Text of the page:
“At present its use is objectionable since it connotes an administration of drugs akin to opium,” Karpovich cautioned. That is, a drug that made one soporific—think horses with holes in their ankles—and was worthy of opprobrium, unlike compounds that made you lively.
To avoid this negative association, he recommended calling performance-enhancing drugs—as powerful as cocaine and as benign as fruit juice—ergogenic aids.
As for the ethics of using drugs to improve performance, the highly influential Karpovich saw no fair play compromises if drugs did no harm. “It may be stated here that the use of a substance or device which improves the physical performance of a man without being injurious to his health, can hardly be called unethical,” Karpovich explained.
In 1956, Karpovich would write one of the first scientifically rigorous books on strength training and athletic performance. As a Russian field medic during World War I, Karpovich had been imprisoned during Joseph Stalin’s dictatorship. He escaped to the United States in 1925 and became a citizen in 1935.
Karpovich combined the scientist’s belief in challenging received wisdom (including his own) with a doctor’s obligation to do no harm. Thanks to his research that revealed weight lifting athletes were both quicker and more flexible than non–weight lifting athletes, in the 1940s, Karpovich rejected the prevailing belief that weight training made athletes slower and stiffer—an old wives’ tale that persisted into the 1970s, when the San Diego Chargers football team incorporated anabolic steroids and weight training into their NFL preseason workouts and the 1980s, when baseball players embraced the same practices.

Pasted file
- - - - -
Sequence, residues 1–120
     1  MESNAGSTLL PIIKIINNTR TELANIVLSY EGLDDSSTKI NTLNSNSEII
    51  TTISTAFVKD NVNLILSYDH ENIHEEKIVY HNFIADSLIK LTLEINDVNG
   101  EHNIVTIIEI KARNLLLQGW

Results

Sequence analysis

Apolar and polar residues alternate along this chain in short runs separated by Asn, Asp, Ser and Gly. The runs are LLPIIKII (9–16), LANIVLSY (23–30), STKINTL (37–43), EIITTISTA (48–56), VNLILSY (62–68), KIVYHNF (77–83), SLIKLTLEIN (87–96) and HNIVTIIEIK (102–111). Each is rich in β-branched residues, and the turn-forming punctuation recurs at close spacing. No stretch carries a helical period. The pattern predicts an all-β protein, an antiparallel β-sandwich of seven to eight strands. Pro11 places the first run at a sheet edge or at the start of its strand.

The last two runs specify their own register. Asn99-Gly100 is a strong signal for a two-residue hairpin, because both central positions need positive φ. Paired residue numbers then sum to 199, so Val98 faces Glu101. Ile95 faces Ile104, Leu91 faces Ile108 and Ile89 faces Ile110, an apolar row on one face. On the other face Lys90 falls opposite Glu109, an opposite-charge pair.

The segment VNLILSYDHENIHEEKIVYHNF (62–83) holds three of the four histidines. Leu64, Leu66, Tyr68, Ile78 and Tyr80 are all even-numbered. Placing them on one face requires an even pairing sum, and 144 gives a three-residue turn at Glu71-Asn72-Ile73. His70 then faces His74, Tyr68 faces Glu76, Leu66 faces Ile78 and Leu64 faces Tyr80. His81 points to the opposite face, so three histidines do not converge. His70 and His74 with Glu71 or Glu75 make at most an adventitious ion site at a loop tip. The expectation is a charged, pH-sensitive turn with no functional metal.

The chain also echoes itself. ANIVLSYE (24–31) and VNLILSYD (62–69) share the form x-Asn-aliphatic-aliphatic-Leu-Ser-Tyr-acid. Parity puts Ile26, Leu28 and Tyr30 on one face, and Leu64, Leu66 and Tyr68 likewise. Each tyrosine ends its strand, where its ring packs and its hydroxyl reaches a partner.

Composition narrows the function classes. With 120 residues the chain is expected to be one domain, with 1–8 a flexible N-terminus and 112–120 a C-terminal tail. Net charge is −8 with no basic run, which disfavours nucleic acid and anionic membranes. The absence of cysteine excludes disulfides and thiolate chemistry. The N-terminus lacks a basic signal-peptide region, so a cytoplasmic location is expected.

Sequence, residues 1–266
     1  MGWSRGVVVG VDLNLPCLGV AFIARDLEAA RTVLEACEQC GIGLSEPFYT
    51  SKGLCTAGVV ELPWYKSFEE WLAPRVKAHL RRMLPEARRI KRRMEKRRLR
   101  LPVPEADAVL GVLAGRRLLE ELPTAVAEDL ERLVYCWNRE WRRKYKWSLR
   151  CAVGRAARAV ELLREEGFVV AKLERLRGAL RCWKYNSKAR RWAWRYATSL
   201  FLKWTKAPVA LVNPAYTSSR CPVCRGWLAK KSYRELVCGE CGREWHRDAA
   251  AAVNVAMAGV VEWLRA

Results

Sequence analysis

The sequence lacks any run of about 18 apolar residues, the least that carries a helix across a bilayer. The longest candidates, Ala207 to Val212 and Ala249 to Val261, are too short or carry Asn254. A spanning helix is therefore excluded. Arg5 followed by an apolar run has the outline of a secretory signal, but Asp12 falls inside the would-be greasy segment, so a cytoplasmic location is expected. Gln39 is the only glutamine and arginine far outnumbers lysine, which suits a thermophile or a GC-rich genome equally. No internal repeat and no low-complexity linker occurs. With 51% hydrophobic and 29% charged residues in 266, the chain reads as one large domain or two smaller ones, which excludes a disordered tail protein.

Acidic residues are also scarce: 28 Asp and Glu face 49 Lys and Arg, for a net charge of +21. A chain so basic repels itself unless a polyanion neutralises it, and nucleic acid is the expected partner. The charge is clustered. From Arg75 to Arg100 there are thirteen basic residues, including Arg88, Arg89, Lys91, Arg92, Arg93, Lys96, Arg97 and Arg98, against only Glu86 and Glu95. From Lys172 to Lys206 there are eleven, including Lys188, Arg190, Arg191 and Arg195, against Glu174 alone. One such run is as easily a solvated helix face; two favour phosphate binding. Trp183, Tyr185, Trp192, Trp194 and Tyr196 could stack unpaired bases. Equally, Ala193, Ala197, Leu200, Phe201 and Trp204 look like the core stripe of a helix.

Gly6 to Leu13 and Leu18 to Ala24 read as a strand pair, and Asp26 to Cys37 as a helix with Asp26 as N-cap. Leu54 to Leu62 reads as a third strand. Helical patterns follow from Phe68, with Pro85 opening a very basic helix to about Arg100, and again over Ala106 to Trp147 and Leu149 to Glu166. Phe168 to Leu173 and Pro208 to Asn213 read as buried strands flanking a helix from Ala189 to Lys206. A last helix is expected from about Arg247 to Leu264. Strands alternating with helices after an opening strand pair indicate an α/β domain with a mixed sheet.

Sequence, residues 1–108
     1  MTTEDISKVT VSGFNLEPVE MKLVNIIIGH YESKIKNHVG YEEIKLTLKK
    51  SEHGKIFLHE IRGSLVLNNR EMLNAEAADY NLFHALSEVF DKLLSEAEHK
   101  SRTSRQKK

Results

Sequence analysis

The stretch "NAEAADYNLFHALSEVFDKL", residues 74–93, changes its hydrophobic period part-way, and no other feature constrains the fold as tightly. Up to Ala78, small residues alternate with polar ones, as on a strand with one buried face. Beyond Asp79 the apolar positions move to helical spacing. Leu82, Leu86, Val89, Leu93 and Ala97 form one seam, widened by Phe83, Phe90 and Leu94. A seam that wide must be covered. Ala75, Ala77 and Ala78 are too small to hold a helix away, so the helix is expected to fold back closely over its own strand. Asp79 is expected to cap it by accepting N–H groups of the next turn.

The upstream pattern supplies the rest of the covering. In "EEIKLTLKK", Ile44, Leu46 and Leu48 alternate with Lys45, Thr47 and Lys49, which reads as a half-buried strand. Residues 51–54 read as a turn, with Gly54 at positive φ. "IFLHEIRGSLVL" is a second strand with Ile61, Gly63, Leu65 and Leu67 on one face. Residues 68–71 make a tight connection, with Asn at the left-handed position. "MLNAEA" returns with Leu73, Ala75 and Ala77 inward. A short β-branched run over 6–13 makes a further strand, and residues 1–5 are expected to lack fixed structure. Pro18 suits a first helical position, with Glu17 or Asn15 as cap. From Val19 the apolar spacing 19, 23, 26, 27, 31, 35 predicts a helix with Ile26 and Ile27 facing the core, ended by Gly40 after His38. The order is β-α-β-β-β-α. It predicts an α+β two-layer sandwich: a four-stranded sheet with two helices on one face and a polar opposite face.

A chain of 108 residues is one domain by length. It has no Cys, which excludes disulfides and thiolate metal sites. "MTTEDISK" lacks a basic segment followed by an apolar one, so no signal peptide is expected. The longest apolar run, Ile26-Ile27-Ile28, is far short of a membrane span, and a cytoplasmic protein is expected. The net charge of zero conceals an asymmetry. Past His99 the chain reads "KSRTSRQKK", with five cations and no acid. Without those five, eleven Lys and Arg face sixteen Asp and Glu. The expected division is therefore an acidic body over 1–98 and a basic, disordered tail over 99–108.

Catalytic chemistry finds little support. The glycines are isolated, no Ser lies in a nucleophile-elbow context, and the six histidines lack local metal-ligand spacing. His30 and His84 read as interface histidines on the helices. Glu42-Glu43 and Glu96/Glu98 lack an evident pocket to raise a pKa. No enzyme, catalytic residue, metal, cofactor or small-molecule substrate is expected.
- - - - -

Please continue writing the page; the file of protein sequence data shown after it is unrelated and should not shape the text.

For Karpovich, performance-enhancing drugs were part of a holistic athletic preparation package and morally indistinguishable from proper diet, massage, sport-specific training, and rest.
“All these means are available for everyone, and they may be used if so desired,” he explained in 1941. That said, Karpovich’s Hippocratic oath ensured he was not a universal drug pusher.
In cases where he could find no evidence of ergogenic benefit, he would steer athletes away from certain drugs. Writing about the amphetamines frequently distributed to World War II soldiers, Karpovich proposed that “in spite of rumors that Benzedrine has been responsible for an improvement in athletic performance, no scientific evidence has been presented as yet.”
Regarding hormones such as testosterone, Karpovich noted that as of 1941, research “leads to a hope that hormones might increase muscular strength and endurance in normal people.”
After mentioning research indicating that cocaine can increase cycling endurance, Karpovich cautioned, “Since cocaine is a dangerous, habit-forming drug, its use in athletics cannot be recommended.” Likewise, he warned that the stimulant Benzedrine is a “dangerous drug and its excess may lead to insomnia, hypertonia, and circulatory collapse.”
Karpovich’s publications and the widespread adoption of his theories of sports medicine that prevailed throughout the first century of pro sports capture the striking lack of moral hysteria in popular and scientific culture regarding drugs in sport.
Performance enhancement through drugs was a matter of professional practice and scientific opinion, not individual moral degeneracy. The physiologist’s counsel regarding drugs was based on their efficacy and their potential to cause physical harm, not still-dormant social constructs regarding drugs and moral ruin.
Using drugs to improve performance was only a problem when those drugs were so powerful and addictive that they could harm the athlete, not because they violated a spirit of fair play or threatened society’s social order. In the years following World War II, however, these neutral attitudes began a slow, halting transition—an early creep toward today’s anti-doping fanaticism.
Republished with permission of VeloPress from Spitting in the Soup: Inside the Dirty Game of Doping in Sports by Mark Johnson. In Spitting in the Soup, sports journalist Mark Johnson explores how the deals made behind closed doors keep drugs in sports. Johnson unwinds the doping culture from the early days, when pills meant progress, and uncovers the complex relationships that underlie elite sports culture. Spitting in the Soup offers a bitingly honest, clear-eyed look at why that’s so, and what it will take to kick pills out of the locker room once and for all. Read more about sports doping at www.spittinginthesoup.com.